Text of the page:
The following week I sat down with my £30 off voucher for my first ever Waitrose delivery. And then proceeded to spend somewhere in the region of £120 on a shop that, if we’re being serious here, lasted us about 4 days.

Suffice it to say, I now shop at Asda.

It’s been a few months now though, and, just in case you were mid-way through your application for assisted living, I can tell you it gets easier. It gets lovely, in fact. You start to care a little bit less about the niggling things that were the bane of your life at the start. You start to cut the manly one some slack for not keeping up with man jobs (I like my shelves vertically propped against the wall better anyway). You cease imagining that burglars are going to have moved in and be sat around drinking your Darjeeling every time you go away overnight.

If you’ve got this far and not realised it yet: I DONE A LIFESTYLE BLOG. I’ve decided, tonight, while I was hanging up my striped apron on a potentially injury-causing nail that sticks out of the kitchen wall for some unknown reason, that it might actually provide some humour, should you need it. And, I guess, a nice way to document this fast-changing time in our lives.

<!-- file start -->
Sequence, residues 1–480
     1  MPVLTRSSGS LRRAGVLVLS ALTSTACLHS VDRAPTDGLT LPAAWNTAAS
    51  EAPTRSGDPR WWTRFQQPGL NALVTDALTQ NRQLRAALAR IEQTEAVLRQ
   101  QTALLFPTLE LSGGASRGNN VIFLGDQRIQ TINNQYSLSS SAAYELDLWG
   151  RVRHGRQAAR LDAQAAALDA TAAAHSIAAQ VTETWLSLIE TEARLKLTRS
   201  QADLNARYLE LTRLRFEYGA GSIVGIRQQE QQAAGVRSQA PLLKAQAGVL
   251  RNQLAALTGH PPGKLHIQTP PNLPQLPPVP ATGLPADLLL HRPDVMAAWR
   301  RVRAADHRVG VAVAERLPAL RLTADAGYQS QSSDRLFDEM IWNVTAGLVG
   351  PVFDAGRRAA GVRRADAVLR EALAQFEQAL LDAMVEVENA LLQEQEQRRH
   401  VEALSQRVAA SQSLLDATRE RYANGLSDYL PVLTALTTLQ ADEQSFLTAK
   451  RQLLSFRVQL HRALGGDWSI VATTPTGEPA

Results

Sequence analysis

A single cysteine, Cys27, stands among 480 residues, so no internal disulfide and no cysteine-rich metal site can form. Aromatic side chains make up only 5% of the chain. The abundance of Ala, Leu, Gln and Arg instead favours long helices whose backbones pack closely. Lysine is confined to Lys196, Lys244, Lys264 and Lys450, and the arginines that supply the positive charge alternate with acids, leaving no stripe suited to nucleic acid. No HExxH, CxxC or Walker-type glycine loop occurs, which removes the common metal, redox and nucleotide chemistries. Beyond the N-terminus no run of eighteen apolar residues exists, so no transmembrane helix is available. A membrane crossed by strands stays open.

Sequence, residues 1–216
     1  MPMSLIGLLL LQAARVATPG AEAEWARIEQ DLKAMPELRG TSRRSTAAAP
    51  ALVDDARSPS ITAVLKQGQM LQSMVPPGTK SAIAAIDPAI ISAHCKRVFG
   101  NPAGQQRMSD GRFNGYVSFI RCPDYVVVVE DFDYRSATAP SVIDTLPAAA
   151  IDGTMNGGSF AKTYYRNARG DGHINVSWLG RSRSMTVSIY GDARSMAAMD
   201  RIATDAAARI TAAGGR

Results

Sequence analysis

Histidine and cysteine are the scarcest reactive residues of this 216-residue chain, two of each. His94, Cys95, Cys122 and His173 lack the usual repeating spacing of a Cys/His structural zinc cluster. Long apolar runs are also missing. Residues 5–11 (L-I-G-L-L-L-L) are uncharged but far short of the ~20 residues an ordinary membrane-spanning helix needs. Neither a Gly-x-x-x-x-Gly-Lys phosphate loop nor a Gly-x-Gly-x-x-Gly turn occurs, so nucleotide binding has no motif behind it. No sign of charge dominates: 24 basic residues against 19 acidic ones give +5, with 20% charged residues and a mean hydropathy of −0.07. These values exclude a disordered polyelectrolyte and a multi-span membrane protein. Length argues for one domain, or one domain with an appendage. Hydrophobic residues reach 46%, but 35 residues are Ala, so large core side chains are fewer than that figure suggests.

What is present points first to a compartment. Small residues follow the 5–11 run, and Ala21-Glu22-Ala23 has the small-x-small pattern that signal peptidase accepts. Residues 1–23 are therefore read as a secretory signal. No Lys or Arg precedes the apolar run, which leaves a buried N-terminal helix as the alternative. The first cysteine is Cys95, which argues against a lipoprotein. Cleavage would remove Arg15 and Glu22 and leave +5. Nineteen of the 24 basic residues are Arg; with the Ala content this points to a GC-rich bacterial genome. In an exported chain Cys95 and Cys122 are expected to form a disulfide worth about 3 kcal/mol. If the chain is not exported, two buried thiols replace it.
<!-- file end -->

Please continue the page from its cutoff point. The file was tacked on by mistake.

I’ll leave you with this scene from earlier on tonight, though, as a warning to you all. I like cake. I like cooking cake. I like eating the cake I have cooked. For a few weeks, I’ve been getting better at cooking cake. So far my efforts have successfully extended to placing freeze-dried strawberries atop a lemon drizzle.

For some strange fecking reason, tonight I decided to go for gold with a lemon and poppyseed, meringue buttercream filled… thing. I got a cake stand to home this creation. I was so, so ready for the Instagram snaps. The girls were coming over for tea, too, and I was anxious to show them my perfect, Mary Berry-esque baked delight. This was the prototype, the dream, the goal: IMG_8855

Five hours, three trips to ASDA and an intensifying sensation of having done something horribly wrong later, this happened:



I honestly have no words. Also, my friends are terrible, terrible liars…


  • Jo

    Enjoyed reading this – it took me back to when Mark and I bought own first home in 1985! It really is tough beoming grown-up and running a home. Also loving the cake, Charlotte – your mother taought you well 🙂

  • Paul McElhinney

    If you enjoyed Mein Kampf then you’ll enjoy Mon Combat by Charlotte Morris. 😉